I qualified for the 2011 State Team as Angler of the Year for the 2010 MBFN Tournament Trail along with Walt Lechert who won AOY on the Co-angler side. During that tournament season, I won the Upper Bay #1 and the Nanticoke event, came in third at the Potomac event and seventh at the Upper Bay #2 event.
Since I qualified early, I hoped to get an early jump on getting to know the water where the 2011 Divisional would be held but New Jersey took a while in finalizing their plans. It was pretty late in the fall when the Delaware River popped up as one of the potential sites and I took a trip up there just in case it ended up being the tournament location. The fish were already getting close to their winter patterns, but I at least got to see the river and get a feel for where the fish would be moving as the water temperature fell. It also gave me a chance to experience the extreme tidal swings on the Delaware River.
After my fall trip to the Delaware River, I only made it back up there one more time before tournament practice started. I sold my boat with the expectation that the new one I ordered would be built in plenty of time to practice and fish in the Divisional. The delivery kept being pushed back and at the last minute it became clear I would not have my new boat in time for the tournament. I qualified for the State Team as a boater and the dealer offered to loan me a boat for the tournament, but I did not feel comfortable using someone else’s boat at a place I really didn’t know that well. I had to contact Roger to give up my boater’s spot, which I really didn’t want to do since I thought it also meant giving up my shot to make the National Championship.
Once I knew I would not have a boat for the Divisional, my first call was to Brian Trieschman who qualified for a boater spot on the State Team by being the highest point finisher in the SQT series. I fished with Brian on the 2005 State Team in Maine and knew that he was someone with whom I would be comfortable sharing my practice time with. When I explained to him my boat situation and that I had to give up my boater spot, he didn’t hesitate to let me practice with him for the tournament. Practice for the Divisional is complicated because the boaters and riders are competing against each other, so I wouldn’t have blamed him at all if he wanted to practice by himself. I am very grateful he gave me that opportunity. We worked very hard together during practice and he gave me a chance to cover every area I wanted to make sure I covered prior to the tournament. Thanks to him, I felt like I was going into the tournament prepared the same as if my boat had been delivered in time.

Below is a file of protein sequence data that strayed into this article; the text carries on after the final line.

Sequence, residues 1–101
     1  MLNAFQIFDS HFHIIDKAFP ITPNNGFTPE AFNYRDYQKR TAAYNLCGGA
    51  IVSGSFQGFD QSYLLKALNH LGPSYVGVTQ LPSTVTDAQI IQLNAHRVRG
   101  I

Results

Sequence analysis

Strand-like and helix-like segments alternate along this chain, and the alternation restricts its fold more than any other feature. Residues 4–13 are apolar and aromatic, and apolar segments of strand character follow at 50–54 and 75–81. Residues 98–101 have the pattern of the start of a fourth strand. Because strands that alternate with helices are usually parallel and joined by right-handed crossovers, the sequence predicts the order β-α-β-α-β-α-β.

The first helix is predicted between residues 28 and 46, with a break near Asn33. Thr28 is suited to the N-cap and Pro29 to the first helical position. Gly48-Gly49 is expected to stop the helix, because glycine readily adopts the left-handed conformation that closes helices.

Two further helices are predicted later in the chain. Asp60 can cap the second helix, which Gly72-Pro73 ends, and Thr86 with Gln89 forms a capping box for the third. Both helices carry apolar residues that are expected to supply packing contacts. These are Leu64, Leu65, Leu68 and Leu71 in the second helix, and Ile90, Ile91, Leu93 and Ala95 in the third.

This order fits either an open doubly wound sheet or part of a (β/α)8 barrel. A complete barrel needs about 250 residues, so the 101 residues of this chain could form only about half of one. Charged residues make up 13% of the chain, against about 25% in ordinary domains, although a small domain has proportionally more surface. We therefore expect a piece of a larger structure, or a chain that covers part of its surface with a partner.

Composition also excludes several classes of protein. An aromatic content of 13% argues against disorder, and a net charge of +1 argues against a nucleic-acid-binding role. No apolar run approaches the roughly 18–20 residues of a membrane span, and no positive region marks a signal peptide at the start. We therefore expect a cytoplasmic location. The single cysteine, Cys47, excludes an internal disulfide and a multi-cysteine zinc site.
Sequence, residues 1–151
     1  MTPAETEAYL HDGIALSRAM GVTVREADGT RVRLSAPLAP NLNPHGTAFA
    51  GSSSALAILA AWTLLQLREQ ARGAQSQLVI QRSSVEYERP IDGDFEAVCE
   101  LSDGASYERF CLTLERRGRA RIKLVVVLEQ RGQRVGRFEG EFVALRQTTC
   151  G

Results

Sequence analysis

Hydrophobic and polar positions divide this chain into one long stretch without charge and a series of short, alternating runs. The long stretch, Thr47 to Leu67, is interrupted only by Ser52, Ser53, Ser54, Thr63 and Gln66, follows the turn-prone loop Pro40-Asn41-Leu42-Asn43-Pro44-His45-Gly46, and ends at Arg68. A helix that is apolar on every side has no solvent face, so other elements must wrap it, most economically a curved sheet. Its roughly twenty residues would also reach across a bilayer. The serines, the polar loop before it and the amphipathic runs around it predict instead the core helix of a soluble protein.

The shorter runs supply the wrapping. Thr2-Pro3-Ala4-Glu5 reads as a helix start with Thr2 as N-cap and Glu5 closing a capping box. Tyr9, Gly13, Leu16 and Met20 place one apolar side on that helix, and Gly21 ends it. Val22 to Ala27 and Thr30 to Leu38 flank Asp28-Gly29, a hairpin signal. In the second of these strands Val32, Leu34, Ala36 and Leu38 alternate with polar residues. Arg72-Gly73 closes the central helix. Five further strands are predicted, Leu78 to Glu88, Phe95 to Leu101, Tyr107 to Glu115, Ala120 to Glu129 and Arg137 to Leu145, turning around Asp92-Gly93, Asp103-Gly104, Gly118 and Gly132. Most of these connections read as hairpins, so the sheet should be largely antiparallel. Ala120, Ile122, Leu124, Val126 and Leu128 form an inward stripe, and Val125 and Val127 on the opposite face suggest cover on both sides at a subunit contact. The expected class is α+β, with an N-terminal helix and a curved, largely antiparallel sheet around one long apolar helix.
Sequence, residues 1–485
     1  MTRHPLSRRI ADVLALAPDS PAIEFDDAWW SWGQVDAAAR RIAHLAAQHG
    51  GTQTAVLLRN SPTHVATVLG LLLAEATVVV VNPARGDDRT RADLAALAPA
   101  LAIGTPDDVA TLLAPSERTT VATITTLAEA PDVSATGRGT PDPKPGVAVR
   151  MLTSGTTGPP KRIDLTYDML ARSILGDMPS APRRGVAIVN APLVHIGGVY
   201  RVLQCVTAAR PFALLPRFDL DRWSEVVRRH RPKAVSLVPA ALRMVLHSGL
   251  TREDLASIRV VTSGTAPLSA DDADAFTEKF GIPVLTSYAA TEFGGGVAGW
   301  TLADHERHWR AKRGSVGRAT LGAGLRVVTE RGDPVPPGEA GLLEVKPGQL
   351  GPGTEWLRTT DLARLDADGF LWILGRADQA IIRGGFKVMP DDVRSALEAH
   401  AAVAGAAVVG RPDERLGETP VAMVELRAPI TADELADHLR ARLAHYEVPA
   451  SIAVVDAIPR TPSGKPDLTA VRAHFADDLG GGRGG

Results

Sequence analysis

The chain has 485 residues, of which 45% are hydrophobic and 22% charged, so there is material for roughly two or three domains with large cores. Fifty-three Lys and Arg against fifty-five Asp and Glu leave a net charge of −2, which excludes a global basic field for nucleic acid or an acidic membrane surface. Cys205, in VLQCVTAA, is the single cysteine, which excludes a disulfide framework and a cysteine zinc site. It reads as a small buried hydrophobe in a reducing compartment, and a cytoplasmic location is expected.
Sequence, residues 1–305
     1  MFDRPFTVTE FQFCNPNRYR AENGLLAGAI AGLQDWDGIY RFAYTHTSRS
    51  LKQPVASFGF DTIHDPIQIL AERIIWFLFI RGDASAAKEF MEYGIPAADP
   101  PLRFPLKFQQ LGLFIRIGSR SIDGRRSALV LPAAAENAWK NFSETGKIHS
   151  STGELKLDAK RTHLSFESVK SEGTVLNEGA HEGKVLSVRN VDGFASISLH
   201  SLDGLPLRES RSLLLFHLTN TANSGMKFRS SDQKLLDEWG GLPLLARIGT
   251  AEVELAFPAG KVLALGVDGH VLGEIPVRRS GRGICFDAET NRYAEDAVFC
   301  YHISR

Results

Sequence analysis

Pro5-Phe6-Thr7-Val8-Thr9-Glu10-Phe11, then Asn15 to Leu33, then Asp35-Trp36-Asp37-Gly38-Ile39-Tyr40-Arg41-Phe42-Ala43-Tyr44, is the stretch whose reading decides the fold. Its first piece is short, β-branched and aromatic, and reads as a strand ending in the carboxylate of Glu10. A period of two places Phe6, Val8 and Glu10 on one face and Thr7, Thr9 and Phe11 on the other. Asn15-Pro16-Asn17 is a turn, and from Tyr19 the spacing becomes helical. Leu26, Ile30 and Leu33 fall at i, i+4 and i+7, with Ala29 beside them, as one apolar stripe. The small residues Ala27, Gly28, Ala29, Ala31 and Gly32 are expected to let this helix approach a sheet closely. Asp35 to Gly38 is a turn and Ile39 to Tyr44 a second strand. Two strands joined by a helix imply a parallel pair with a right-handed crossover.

Tournament day finally arrived and with it a deluge of rain. There had been a hurricane a few weeks before that made the river pretty ugly, but the rain during the tournament took things to a whole different level. There was serious flooding to the point of almost cancelling the tournament, but they ended up sending us out. On day one I drew a boater from Delaware. He was not on any fish after practice and gave me the option of controlling the boat for the whole day. It provided me the opportunity I needed to get off to a good start in the tournament because I was able to cover all of my areas and really get a feel for what was going on with the river. He didn’t have any electronics on his boat, which complicated matters, given that pretty much everything is underwater at the apex of the Delaware’s severe tidal flux. I tried fishing my best main river spots but those areas were ruined from all of the rain and mud. Two of my areas holding fish were off the main river and maintained decent clarity despite of the flooding. One of the spots was about a ten mile run downriver from the launch in Burlington, NJ and the other spot was about a forty mile run downriver. Because of my draws for the rest of the tournament, it turned out that day one was the only day I would get to fish both of those key spots. My day one bag left me in second place overall and boasted lunker for the day.